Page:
Stable U.S. sow herd surprises market | North American pork exporters could profit from European open housing rules
Falling corn prices today and a weak corn price outlook have saved pork producers’ bacon from what could have been a brutal New Year’s setback.
The most recent U.S. Department of Agriculture Hogs and Pigs report revealed that the U.S. sow herd isn’t shrinking, which would normally be expected to lower hog prices.
However, the market was able to shrug off the stunning surprise be-cause of the drop in corn prices, which are the main cost of producing pigs.
The industry is also looking forward to increased pork export sales demand that Europe isn’t expected to be able to meet because of anticipation that the European Union’s mandatory open housing rules will reduce the size of its hog herd.
“The big impact is from feed prices,” Hams Marketing market analyst Tyler Fulton said about the lack of significant reaction to the Dec. 28 report, which found the U.S. sow herd has not shrunk at all compared to a year ago, despite the brutal Midwest drought.
Most analysts and farmers assumed producers would do what they have always done when profits collapse: liquidate sows and leave feeder barns empty.
However, that hasn’t happened, according to the USDA. The number of sows and pigs in the United States is virtually identical to last year’s tally at this time.
University of Missouri analyst Ron Plain said the USDA report’s sow numbers are “quite bearish,” but the prospect of big feedgrain crops coming from South America now and North America this summer trumps that factor.
As long as those crops are as large as is now expected, farmers should be able to access much cheaper feed-grains than they were forced to buy in the second half of 2012.
However, profitability could be threatened again if those big crops run into any trouble.
“We badly need rain and more feed produced this summer,” said Plain.
James Robb of the Livestock Marketing Information Centre agreed American hog farmers are gambling that big feedgrain supplies will become available again soon.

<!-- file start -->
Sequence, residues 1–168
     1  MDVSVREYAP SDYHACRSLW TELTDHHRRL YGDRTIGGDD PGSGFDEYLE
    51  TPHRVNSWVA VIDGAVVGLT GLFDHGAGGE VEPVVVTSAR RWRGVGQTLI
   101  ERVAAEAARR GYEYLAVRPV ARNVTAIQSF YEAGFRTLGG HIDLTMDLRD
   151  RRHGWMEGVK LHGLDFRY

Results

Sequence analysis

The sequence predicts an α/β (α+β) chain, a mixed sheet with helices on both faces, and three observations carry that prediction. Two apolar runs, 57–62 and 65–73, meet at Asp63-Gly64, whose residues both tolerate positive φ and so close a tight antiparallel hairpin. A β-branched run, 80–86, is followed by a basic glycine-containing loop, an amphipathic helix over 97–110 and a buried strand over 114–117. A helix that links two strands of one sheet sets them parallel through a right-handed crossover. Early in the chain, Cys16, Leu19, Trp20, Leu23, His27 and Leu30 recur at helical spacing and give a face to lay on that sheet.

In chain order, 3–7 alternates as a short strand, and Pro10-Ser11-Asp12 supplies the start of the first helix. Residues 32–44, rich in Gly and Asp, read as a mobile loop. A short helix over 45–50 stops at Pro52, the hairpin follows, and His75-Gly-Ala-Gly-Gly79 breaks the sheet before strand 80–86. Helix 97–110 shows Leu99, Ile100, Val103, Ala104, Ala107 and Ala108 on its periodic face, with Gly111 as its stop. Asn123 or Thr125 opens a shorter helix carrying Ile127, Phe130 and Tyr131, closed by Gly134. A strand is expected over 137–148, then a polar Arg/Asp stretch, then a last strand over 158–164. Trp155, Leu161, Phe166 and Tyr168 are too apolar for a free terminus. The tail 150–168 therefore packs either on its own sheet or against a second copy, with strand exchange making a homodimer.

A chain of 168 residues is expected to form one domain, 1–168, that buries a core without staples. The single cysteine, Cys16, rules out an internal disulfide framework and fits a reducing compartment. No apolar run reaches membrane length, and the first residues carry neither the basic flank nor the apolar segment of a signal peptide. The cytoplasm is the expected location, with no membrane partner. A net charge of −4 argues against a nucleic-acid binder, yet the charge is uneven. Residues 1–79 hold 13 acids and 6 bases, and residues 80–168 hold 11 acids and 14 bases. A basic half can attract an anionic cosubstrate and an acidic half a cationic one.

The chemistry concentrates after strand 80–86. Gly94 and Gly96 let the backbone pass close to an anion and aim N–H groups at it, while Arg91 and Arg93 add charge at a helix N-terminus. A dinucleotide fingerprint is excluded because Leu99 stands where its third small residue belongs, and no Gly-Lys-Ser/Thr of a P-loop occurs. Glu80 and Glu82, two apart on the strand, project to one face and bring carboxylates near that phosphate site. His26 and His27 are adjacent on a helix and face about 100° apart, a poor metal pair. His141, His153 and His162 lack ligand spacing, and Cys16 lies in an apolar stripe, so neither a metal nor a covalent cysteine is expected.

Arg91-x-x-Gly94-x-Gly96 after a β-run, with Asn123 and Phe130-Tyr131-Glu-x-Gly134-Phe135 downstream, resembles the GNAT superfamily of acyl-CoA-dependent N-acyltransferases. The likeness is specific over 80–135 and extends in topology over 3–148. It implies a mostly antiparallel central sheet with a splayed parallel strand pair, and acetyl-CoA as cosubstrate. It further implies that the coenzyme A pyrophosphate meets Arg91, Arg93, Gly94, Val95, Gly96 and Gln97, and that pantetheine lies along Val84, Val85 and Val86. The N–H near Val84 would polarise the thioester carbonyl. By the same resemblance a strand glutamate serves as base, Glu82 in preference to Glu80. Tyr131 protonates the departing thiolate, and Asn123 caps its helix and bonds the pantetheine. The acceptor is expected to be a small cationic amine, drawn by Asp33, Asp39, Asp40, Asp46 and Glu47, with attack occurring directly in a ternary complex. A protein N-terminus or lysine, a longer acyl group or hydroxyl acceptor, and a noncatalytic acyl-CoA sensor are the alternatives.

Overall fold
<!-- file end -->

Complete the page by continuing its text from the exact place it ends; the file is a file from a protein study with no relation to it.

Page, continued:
“They’ve had substantial red ink, but they’re looking ahead,” said Robb.
“They think if they can manage until the new crop, they will be positioned rather well to the advantage (of high pork prices and lower corn prices). It looks like most hog producers in North America are taking the risk.”
Fulton said producers’ refusal to reduce their herds in spite of massive losses might mark the end of the in-and-out phenomenon of past hog cycles, which many had expected to end years ago.
Most hog production now comes from vertically integrated producers, either directly owned by food companies or in long term contracts with them. As a result, there is no desire or need to quit producing during temporary downturns.
“The U.S. industry is so dominated by big outfits with ownership in packing houses there’s no rationale for them to get in and out of the business when they see short-term profitability hits,” said Fulton.
Booming export sales of Canadian and U.S. pork also contribute to producers’ bullish outlook, especially with the imposition of the sow stall ban in the EU Jan. 1.
The hog industries of some countries, such as France, are dominated by older producers who don’t intend to refit their barns and will likely quit the business as soon as they’re forced to stop using sow stalls. Some analysts have estimated that five to 10 percent of some countries’ sow herds could disappear.
However, most countries aren’t actively enforcing the EU ban, and the expected reduction of the European herd might take months or years.
“It doesn’t appear that it’s going to be enforced immediately or rigorously,” said Plain. “The world did not become a lot different on the second.”
However, Europe will likely lose world market share over time.
“These countries are going to continue to pressure and shut down operations, and that should lead to less pork exports from Europe, which should strengthen the hand of U.S. and Canadian farmers,” said Plain.
The relaxed reaction to the bigger-than-expected U.S. sow herd depends on cheap feedgrain and continuing strong export demand.
George Morris Centre analyst Kevin Grier noted in his Jan. 4 Canadian Pork Market Review that the bullishness about those factors could be a danger down the road.
“The initial bearishness of the report was quickly shrugged off as market participants obviously put their faith back into strong export demand and the weaker U.S. dollar,” wrote Grier.
“That suggests risk for hog sellers.”